DAVID EVANS

“It’s Dakar. It’s still a bit nuts”

Motor Sport News - - Rally News -

What’s the point of Dakar?

Let’s look be­yond the whole name thing: ral­ly­ing does have a bit of a record when it comes to mis­lead­ing monikers – just look at the open­ing round of the World Rally Cham­pi­onship, an event with pre­cisely zero com­pet­i­tive miles in Monte Carlo.

But a two-week, 6000-mile trek from Buenos Aires through the An­des and back, does it have rel­e­vance any more? It’s hard to ar­gue in favour of the man­u­fac­tur­ers, when there’s only one (Peu­geot) re­ally con­test­ing the event with any great sig­nif­i­cance.

It was dif­fer­ent when Mit­subishi, Nis­san and Volk­swa­gen were us­ing the event to sell us on the off-road abil­i­ties of their re­spec­tive Pa­jero, Pickup and Touareg. But Peu­geot’s 2008 isn’t about to start fly­ing out of the door off the back of a Car­los Sainz suc­cess on Satur­day week.

Be­fore Christ­mas I was at PSA’S Satory test track with Se­bastien Loeb. It was im­pos­si­ble not to ad­mire the 2008 DKR up close. It’s gor­geous.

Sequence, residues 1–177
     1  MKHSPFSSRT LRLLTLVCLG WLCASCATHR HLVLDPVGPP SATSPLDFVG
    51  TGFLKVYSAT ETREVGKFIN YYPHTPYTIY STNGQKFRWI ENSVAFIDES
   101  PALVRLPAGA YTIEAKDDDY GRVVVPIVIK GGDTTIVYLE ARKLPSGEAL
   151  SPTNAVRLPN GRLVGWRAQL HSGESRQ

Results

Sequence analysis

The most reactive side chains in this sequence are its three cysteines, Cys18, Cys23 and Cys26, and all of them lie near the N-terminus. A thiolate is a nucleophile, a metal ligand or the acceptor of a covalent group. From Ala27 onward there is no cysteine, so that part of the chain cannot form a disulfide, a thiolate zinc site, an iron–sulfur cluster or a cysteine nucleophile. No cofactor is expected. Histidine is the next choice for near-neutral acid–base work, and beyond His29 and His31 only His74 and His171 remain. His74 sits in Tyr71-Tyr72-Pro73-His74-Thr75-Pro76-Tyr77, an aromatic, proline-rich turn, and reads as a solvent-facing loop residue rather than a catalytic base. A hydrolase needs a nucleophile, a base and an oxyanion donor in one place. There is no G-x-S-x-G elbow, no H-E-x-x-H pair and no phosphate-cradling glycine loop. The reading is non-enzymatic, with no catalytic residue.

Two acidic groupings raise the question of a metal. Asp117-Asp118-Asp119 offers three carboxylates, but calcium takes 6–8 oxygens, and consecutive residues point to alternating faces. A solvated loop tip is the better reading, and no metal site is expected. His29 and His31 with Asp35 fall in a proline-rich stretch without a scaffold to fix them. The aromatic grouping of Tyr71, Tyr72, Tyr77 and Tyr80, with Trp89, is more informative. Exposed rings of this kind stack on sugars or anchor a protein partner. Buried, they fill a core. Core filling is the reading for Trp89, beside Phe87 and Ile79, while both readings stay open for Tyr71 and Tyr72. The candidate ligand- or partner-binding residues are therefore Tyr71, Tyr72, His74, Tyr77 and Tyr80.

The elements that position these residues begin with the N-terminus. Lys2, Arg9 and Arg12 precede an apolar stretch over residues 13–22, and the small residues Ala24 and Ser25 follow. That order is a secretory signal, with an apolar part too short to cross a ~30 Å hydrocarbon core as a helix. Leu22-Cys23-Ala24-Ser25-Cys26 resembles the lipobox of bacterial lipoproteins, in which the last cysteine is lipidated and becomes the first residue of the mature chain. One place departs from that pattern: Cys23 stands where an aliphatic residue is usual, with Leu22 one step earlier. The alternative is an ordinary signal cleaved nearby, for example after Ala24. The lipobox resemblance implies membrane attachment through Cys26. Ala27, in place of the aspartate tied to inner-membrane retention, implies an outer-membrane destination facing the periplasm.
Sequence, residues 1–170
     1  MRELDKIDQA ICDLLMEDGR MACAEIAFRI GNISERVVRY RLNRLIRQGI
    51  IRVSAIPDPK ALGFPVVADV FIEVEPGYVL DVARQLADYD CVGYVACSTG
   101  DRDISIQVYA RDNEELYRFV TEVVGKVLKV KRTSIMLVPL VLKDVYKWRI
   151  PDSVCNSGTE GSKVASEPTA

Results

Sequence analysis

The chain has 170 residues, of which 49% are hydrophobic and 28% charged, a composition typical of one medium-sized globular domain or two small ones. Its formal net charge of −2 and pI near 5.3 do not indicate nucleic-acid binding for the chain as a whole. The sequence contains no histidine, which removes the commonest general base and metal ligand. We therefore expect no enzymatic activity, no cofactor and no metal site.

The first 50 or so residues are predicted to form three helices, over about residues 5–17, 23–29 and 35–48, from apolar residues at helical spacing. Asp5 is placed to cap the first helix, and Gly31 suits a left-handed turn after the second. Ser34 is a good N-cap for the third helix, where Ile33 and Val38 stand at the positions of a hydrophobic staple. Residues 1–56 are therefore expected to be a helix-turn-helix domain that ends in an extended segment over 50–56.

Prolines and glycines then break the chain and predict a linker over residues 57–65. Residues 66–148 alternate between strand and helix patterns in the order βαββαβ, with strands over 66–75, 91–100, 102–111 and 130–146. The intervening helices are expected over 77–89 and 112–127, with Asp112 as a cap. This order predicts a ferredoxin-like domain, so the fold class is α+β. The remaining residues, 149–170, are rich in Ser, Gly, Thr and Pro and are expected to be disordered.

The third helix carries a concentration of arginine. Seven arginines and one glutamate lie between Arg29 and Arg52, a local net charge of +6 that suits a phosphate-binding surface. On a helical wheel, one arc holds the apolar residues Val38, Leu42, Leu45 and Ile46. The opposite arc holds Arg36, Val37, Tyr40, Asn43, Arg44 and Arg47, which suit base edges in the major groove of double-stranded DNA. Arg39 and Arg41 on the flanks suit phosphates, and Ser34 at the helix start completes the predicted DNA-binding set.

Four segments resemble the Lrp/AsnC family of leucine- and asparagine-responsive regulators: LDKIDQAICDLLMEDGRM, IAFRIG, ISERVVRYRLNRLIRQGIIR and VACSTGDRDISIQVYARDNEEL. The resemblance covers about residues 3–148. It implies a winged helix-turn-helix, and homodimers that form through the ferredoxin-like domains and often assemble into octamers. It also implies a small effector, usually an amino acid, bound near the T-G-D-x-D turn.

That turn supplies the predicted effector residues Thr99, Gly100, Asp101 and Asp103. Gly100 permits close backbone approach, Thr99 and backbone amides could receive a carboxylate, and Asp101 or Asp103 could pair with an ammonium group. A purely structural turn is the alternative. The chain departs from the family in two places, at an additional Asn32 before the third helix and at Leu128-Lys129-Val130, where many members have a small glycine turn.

But two weeks from to­day, it’ll be re­dun­dant for an­other year. Yes, yes, I know all about the var­i­ous cross-coun­try races, but this scene is all about Dakar. Sorry, I thought I was over the name thing. Turns out, I’m not. Peru’s de­ci­sion to turn the event away for fear of El Nino’s me­te­o­ro­log­i­cal mad­ness over­stretch­ing its emer­gency ser­vices (not a bad move if the first week’s any­thing to go by…) left the ASO with the Her­culean task of recre­at­ing the route with a mat­ter of weeks to spare.

That meant more mileage in Ar­gentina and tak­ing the event fur­ther from its roots than ever. The Dakar was sup­posed to be about a race across the desert. Sand and dunes will be in fairly short sup­ply this time around. Un­doubt­edly, the weather will pro­duce its own chal­lenge this year – as it did when hun­dreds of crews were stranded by a hugely swollen river on the road from La Rioja to Fi­ambala in 2013. And let’s not for­get last year, when the rest day bivouac in Salta was al­most washed away. Rain and rivers aren’t what Dakar’s about. Sand­storms in Mau­ri­ta­nia and the Al­ge­rian mil­i­tary search­ing for miss­ing Prime Min­is­ter’s sons are what Dakar’s about.

Seems I’m not alone in ques­tion­ing Dakar ei­ther. With 61 deaths, of which 28 have been com­peti­tors, since the first event in 1979, plenty are will­ing to ques­tion the safety record – par­tic­u­larly when it comes to spec­ta­tor safety, an el­e­ment brought once more into sharp fo­cus at last week’s prologue stage.

I know, I know, there’s no chance of tak­ing the thing back to Africa. But we do need some­thing to cap­ture the imag­i­na­tion again. And, some­how, we need to stop stop­ping when it rains.

Rain’s not Dakar and stop­ping in the rain’s not ral­ly­ing.

Hav­ing said all of that, will I check 10 times a day to see who’s win­ning? Of course I will.

It’s Dakar. It’s still a bit nuts.

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